Lightbulbs in New York
Yesterday, I attended New York Ideas, organized by The Atlantic, the Aspen Institute and the New York Historical Society, an event designed to
assemble a constellation of leaders – in the roles of attendees, provocateurs, and speakers. It will take on the largest issues of the day – through interviews, discussions, and debates. And it will recognize New York’s status as a major actor in all of the significant policy issues facing the country.
While described as a
groundbreaking gathering of newsmakers and journalists […] for fostering original dialogue about critical issues in Washington and beyond.
the event used a well-known format of panel discussion featuring thought-leaders on policy issues ranging from economics, heath care, bi-partisan politics, cities, America as global power, educational innovation and American values, followed by a classic Q & A.
Given the brain power in the room–onstage as well as in the audience–what would truly be “groundbreaking” as a conference model would be to treat these gatherings as opportunities for actual solution-making and innovation, and to move beyond “point/counterpoint” styles of panel moderation into roll-up-the sleeves creative charettes that lead to programs and collaborations in the post conference “real world”.
As Serene Jones, President of the Union Theological Seminary in New York stated during the panel “Are There Such Things as American Values? Were There Ever?” moderated by the renowned playwright and actor Anna Deavere Smith, “the biggest form of innovation we need is to rethink the entire system” with “a new meaning map” including “the reconstruction of our desires,” thus redefining everything we have labelled as American success, including “a whole different story about what a job is.” As Anna Deavere Smith pointed out, this leads back to the arts and creativity, which is where innovation begins.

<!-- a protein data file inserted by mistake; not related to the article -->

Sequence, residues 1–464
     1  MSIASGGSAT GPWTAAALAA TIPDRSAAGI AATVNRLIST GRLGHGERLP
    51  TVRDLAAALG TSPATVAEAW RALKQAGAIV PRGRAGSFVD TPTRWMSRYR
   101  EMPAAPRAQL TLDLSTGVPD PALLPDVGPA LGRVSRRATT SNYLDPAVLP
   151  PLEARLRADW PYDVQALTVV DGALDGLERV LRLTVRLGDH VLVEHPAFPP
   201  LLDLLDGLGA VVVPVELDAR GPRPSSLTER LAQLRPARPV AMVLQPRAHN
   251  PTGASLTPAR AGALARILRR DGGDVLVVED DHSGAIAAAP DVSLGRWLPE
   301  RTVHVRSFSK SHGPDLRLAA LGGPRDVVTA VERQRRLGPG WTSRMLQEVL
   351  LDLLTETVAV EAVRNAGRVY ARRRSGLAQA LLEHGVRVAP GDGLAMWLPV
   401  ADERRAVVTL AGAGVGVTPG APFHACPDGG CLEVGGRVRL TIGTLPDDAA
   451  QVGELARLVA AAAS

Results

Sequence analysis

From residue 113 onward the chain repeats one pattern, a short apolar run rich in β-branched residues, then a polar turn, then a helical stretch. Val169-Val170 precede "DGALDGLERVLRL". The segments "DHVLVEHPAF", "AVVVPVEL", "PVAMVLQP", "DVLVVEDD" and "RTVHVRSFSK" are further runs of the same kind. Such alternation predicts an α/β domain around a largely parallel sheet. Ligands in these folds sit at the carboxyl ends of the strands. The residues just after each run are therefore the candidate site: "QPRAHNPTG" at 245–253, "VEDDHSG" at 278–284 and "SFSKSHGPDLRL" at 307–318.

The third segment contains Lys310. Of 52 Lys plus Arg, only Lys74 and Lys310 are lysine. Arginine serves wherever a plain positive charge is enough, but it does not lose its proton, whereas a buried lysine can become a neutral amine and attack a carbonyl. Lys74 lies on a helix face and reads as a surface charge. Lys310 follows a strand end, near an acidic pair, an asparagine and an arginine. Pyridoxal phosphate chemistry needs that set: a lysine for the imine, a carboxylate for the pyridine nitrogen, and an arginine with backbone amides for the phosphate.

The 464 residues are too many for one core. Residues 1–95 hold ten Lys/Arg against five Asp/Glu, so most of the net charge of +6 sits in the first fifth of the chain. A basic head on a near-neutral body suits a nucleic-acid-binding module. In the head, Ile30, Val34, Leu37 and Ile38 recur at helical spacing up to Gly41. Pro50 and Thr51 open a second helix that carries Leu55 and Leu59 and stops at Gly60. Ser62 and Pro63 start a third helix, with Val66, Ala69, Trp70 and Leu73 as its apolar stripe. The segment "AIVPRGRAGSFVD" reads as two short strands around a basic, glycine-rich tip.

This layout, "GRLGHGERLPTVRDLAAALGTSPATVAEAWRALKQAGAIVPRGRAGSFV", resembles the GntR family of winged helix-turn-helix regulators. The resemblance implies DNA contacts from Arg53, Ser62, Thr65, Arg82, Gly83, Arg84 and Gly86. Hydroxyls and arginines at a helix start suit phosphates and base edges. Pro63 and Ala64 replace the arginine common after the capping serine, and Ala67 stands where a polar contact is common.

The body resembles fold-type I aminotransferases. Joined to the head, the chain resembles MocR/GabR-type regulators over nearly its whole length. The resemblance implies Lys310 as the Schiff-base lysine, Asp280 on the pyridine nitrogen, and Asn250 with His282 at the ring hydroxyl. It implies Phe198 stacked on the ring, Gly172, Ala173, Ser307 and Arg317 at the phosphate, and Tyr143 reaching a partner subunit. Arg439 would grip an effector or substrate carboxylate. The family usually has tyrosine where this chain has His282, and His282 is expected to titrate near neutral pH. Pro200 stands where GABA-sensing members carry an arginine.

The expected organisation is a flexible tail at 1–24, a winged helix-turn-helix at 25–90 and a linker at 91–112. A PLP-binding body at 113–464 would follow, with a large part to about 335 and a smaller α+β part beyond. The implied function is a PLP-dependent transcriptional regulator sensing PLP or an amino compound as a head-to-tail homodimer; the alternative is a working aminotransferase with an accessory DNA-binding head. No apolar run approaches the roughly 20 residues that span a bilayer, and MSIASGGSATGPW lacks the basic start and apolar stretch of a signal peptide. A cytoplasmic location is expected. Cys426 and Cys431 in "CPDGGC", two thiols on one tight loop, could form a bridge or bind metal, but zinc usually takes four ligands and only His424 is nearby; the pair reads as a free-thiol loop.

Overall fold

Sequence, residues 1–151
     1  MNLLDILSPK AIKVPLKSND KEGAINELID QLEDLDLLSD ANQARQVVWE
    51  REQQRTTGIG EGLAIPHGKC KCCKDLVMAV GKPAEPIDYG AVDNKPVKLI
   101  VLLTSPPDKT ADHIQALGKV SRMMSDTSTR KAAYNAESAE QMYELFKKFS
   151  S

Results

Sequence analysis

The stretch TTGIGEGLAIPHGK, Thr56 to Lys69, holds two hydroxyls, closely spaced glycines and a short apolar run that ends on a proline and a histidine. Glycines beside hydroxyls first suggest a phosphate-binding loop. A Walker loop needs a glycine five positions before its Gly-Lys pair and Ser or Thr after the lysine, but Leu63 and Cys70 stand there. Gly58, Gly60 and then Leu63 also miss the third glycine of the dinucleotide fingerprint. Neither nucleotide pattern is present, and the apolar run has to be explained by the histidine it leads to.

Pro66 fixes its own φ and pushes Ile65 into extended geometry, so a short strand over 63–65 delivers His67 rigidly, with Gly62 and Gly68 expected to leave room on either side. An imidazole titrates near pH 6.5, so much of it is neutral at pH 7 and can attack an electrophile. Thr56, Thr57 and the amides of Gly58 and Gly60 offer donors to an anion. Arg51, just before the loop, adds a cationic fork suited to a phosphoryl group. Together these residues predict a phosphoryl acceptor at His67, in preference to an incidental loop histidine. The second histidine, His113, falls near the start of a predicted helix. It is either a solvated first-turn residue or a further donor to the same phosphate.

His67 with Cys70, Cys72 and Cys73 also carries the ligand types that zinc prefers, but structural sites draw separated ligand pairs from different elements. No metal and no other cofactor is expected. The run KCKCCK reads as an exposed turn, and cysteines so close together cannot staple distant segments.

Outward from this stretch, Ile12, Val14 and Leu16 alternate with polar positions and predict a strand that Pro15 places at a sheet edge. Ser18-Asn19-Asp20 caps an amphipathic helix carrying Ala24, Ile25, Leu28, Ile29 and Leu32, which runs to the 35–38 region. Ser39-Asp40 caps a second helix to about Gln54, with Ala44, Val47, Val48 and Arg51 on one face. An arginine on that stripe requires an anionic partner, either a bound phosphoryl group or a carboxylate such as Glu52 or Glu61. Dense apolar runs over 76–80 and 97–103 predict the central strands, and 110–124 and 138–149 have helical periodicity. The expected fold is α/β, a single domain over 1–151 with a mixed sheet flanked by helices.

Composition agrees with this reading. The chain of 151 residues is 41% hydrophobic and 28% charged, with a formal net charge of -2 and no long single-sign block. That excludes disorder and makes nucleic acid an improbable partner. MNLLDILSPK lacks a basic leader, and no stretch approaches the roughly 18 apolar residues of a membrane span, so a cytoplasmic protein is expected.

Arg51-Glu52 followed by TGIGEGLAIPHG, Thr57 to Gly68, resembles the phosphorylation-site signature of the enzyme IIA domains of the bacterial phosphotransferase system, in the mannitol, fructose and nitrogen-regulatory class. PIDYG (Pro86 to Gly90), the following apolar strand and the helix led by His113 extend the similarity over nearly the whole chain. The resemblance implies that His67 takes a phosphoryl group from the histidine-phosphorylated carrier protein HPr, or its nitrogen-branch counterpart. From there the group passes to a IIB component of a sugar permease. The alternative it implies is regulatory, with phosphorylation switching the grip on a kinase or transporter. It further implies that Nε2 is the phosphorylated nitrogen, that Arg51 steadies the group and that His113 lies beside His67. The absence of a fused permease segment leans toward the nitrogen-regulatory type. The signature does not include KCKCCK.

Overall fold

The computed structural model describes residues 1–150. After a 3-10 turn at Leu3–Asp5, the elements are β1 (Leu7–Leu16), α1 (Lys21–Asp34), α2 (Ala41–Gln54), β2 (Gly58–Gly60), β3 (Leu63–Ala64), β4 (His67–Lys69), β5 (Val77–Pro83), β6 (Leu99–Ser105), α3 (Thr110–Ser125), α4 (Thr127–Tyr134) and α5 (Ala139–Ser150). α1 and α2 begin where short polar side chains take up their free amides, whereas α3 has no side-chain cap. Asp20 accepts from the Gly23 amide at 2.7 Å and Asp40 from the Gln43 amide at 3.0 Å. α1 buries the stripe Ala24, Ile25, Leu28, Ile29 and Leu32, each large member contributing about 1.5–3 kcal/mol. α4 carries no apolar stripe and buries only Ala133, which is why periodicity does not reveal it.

Think tanks need to re-envision the gatherings themselves as opportunities to harness alternative energy sources for transforming broken systems. Randi Weingarten, President of the American Federation of Teachers, during the panel on “Beyond the Battles: Collaborative Efforts Transforming Today’s Schools” calls it “collective capacity building, collective collaboration and responsibility.” This means moving beyond passive audience-style lecture entertainments toward conference engagement at an entirely different level. Social media is part of this–tweeting the hashtag #NYideas–and liveblogging, but the once-removed aspect of this activity misses the resource potential for dynamic synergy gathered right there in the room, and the opportunity for spontaneous collective inter-engagement. (Ironically, The Atlantic‘s current issue feature story, “Is Facebook Making Us Lonely” deals with this alienating shadow side of social media. We still need to engage with one another. IN PERSON, face to face, without looking at our laptops or handhelds….)
What would happen if the dynamos on the program, like Cami Anderson, Superintendent for Newark Public Schools, currently operating with a $100 million challenge grant from none other than Facebook’s Mark Zuckerberg, took to the room to “friend” the ideas of the well-heeled audience members?
Think tanks need to break the tanks and spill the boundaries toward brilliant, spontaneous crowdsourcing in the moment. The ephemeral gatherings, afterall, are replete with potential and brilliance in the form of the headliners, yes, but also the attendees who rarely engage with one another in solution-making dialogue. What would this look like? Spontaneous poetry? Flip camera interviews? Improv dyads in the aisles? Who knows? Creativity spins the possibilities. With all the resources required to produce an event like this, shouldn’t the organizers glean a full solar array of ideas in return?